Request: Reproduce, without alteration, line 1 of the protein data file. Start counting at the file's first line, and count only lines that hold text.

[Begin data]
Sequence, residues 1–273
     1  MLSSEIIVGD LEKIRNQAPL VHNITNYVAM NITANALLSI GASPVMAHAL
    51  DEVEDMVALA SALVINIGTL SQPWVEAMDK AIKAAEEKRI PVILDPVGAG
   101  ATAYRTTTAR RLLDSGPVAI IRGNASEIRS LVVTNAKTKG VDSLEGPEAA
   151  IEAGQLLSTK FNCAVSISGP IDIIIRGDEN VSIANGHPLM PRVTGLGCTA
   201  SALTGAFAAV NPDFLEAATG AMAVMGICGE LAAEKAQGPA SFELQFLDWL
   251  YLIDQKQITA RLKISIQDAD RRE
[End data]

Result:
Sequence, residues 1–273